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An event for London Tech Week brought up some of the, sometimes contradictory, issues around diversity and tech.
Is the future going to be fairer for women? An event for London Tech Week last week rammed home some of the, often contradictory, problems.
On the one hand there was a lot of talk about ‘soft’ skills – communication, adaptability to change, creativity, etc. On the other the lack of women coming out of university with the kind of degrees that get them into the high paid tech jobs of the future. On top of that was the use of Artificial Intelligence in recruiting. While it helps to narrow down the search if you are a big company inundated with hundreds of cvs, could it mean the non-traditional candidate, the one with less niche skills and more ‘soft’ ones, gets thrown out the window?
This is no doubt what happens at the moment and cvs are sifted according to specific criteria which limit the range of candidates. Of course, those criteria may be vital for many jobs, but how do you programme AI to pick up non-traditional candidates when it is drawing on what may be biased algorithms and data based on qualifications and past experience, rather than potential; when it is unable to think creatively because this is precisely one of the qualities we say separates humans from machines? It does seem sometimes that every time we make progress the goalposts move.
Then you have SMEs. Will they spend the extra time looking creatively for candidates who do not have the usual criteria or will they just hire the person who is easiest and quickest? Given the amount of uncertainty facing businesses at the current time and how stretched many are, it is extremely difficult for them to take a step back and think more strategically.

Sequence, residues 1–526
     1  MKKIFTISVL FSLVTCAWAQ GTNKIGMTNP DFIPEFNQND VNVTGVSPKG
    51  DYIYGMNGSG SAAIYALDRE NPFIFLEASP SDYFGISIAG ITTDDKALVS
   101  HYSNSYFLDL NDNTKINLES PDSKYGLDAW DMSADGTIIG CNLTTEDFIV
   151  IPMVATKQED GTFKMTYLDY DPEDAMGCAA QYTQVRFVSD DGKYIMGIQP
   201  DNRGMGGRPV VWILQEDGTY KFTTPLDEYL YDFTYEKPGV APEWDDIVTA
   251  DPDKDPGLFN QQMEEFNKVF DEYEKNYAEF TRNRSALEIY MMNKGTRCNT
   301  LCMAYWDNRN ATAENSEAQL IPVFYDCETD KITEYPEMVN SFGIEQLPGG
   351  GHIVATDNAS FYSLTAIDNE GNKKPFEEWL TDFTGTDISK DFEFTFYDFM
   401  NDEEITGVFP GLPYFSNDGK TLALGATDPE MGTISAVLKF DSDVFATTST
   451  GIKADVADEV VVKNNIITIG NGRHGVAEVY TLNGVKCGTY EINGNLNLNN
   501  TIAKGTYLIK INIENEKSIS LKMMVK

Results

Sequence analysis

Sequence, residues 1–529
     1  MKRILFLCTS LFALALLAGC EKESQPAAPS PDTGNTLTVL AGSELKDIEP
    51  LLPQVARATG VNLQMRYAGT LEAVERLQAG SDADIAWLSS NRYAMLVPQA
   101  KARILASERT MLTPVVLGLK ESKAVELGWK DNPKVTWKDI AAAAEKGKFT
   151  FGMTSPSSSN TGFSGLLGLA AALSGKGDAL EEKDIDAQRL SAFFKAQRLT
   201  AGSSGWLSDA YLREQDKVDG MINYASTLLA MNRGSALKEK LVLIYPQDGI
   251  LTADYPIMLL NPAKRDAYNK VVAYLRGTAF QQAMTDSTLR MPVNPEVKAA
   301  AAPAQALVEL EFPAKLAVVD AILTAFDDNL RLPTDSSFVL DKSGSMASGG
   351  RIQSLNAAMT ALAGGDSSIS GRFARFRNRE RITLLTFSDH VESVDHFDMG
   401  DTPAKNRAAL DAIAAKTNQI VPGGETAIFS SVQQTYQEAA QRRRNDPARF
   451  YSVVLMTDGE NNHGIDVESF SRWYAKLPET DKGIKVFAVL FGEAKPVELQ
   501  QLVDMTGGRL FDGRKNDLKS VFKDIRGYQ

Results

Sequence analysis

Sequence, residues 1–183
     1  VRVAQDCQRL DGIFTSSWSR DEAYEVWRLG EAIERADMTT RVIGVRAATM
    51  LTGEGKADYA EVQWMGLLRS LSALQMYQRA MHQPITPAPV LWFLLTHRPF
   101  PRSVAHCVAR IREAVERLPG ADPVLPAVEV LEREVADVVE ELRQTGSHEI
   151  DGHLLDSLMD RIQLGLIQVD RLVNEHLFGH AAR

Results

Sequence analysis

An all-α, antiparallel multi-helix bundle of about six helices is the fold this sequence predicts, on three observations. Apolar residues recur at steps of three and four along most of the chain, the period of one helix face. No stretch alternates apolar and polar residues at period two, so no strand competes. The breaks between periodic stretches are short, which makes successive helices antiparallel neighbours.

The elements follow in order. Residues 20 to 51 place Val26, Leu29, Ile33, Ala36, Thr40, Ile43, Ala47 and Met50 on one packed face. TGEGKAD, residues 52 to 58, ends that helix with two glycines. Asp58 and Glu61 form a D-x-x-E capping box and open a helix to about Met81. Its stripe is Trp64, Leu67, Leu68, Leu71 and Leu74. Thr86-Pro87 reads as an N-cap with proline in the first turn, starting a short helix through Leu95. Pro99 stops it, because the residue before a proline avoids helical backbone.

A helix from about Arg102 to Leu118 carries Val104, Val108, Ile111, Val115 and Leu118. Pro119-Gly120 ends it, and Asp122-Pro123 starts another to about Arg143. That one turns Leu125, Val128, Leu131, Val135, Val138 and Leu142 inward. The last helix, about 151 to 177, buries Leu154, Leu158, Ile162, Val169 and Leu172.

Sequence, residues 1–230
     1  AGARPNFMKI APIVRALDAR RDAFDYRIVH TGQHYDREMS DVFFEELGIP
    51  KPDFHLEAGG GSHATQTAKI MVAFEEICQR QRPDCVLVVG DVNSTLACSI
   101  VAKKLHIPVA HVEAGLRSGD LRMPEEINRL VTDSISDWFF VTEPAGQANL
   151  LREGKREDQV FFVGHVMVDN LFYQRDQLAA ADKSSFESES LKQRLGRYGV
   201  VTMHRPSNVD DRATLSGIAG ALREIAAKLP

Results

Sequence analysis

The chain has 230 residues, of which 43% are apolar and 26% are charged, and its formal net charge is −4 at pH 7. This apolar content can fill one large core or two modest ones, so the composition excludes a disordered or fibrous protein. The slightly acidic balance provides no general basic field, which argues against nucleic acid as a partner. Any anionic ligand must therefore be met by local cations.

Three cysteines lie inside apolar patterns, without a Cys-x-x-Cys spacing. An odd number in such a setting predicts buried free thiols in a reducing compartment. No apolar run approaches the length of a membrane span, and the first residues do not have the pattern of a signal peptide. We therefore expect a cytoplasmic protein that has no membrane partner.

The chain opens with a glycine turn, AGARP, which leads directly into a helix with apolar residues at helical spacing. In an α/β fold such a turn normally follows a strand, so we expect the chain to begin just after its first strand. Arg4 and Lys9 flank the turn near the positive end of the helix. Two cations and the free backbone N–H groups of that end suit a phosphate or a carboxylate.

Some of the bigger employers are able to think creatively – there are several initiatives, for instance, where people are being moved from non-tech and trained to do tech-jobs within organisations. There is also a lot of outreach work going on with schools and colleges to encourage girls into STEM – a very eloquent 16 year old at the event thanked organisations for this kind of vital work, but it is not available everywhere in the UK and it tends to rely on children volunteering to do it.
What about all those who don’t know they might like tech, who are put off by the stereotypes and lack of role models? Surely, schools need to begin at a much earlier age to integrate tech skills into every part of the curriculum, whether that means compulsory classes in coding languages at primary school or projects done using technology. The problem is ensuring access to the necessary tools and training teachers – and parents – need to keep up to date with fast-moving developments.
Technology skills have to become something everyone has, not something they have to opt into. Training – and retraining – needs to become a much bigger part of what employers do as a matter of course. No one should be left behind, but too many already are going to have a lot of catch-up work to do.